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Tonmeister Course

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I'm at surrey at the moment. I have plenty of friends on the course, and it does exactly what it says on the tin. If you want to become a recording engineer (and a very good and thorough one) this is the course for you. The comment from my fellow peers is that the course has little application to live sound engineer (they teach the theory as such but don't apply it like they do for recording). I'm on the (new) audio media engineering course, more aimed at theory and 'what's inside the black box' of audio systems. we share some modules with them too, including computer audio systems, sound synthesis, digital signal processing, and audio engineering (things like DAC ADCs etc).


Also, at surrey is a very active stage crew, join that and you'll have the opportunity to do many gigs in different roles, in a relatively 'safe' environment: you can't get sacked!



hope this helps, feel free to PM for more info.




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I graduated from Tonmeister in 2004.



Lots of really good audio theory, and a fair bit of practical studio work. A good opportunity to develop skills for using in a studio.


As simon says, there isn't really anything practical to do with live engineering, but the theory is all useful info to have. To gain practical experience of live engineering, and other live things, I did (and still do) things for Stage Crew (ill always argue that things I learnt from doing gigs were much more useful in getting jobs than my degree, in terms of general work-based skills, teamwork, dealing with crisis and stress etc.).



Enjoyed my time there, was hard work at times, but glad I did it. But dont think that doing the course will guarantee you the dream job recording top names in a top studio as soon as you graduate, it doesn't quite work like that.



I am aware that the audio media course picks up some of the tonmeister modules, and offers a different mix of things.



Good luck, and feel free to PM for more info from a graduates perspective. A good way to find out more is to go along to an open day, this will give you a real idea of how it might be, and what you will need to do to get onto the course.

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Well....late to the party again due to time zones.


Anyway, I have a friend who did the Tonmeister course and says it is excellent for theory and studio recordings but offers no live sound practical. My mate wanted to do live (goodness knows why) and ended up starting "in the warehouse" as usual despite the qualification. However, he quickly made it behind the mixing desk and has carved out a good career since...and says the theory is often useful. He's certainly one of the strongest people I know on the theory side.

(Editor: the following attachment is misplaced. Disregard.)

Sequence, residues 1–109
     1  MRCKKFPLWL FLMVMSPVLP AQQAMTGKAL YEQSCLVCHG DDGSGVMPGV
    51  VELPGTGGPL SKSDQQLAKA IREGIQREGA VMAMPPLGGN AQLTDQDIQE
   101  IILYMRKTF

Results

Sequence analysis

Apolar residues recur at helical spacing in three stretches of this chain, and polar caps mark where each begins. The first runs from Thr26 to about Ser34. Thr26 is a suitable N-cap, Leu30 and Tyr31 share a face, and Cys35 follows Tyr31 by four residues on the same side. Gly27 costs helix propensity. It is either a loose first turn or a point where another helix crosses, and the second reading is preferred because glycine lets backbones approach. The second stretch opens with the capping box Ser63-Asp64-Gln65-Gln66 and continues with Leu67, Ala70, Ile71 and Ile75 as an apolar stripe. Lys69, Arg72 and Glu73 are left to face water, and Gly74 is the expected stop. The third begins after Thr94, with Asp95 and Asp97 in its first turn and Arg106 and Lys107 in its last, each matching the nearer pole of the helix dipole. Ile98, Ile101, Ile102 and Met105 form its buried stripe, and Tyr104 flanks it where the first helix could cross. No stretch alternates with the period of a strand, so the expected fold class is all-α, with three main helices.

A lad I know slightly (boyfriend of a friend's daughter if that's not too complicated) is currently in his second year of the course and still speaks highly of it so, unlike some courses I've heard of, they're obviously keeping the standards up.



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My brother graduated from there a few years back & has not looked back since. Again to re-iterate it is mostly studio not live sound. They have a good track record of year out studio placements but may be less now with the down turn & studio closures etc.

Back when he was there I know there was a limited number of places so keep up the study on the A-levels & get as much experience you can to be able to prove they should take you & not the loads of others you may be up against.

Good luck.



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Thanks everyone


At the mo Im not sure if Im going live or studio. Im considering broadcast mixing too. Im really into music as well - and Im doing the appropriate A Levels to get in. Ill go and have a look round soon and keep you all posted!

Many thanks for all your support and "soundie" I might well be in touch :blink:


best wishes


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  • 3 weeks later...

Greetings all,


Cards on the table: I'm a lecturer at the University of Surrey. Of course, I may be biased, but I believe the Tonmeister Programme to be the best in the world. Yes, the entry requirements are high but the combination of excellent staff, industry lecturers, facilities, placement year and so on make it substantially more rigorous than all the other so called Music Tech degrees. You will come out of it academically strong, technically proficient and (this is the most important thing for me) highly musical.


By the way, the CMT course that was mentioned above (CMT = Creative Music Technology) is NOT a sound recording course. It's for creative practitioners who want to use music to create and make music, not record it. It's not surprising that the previous poster may not have found it pressed his/her buttons but, if you want to be a sound recording engineer, consider the Tonmeister programme. If you want to be a composer, consider the CMT course.


Hope that helps!


Best of luck to you all!


Pete Morris

Programme Director

Music and Sound Recording

University of Surrey

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  • 1 year later...
Hello everyone. I know this is OLLDDD but I just found this because I randomly decided to go on blueroom at 2am! Just to say I got in ;) Which is nice! Wasn't easy but I'm really looking forward to it, so thank you for all your help. Those of you that work here I am sure I will see you around.
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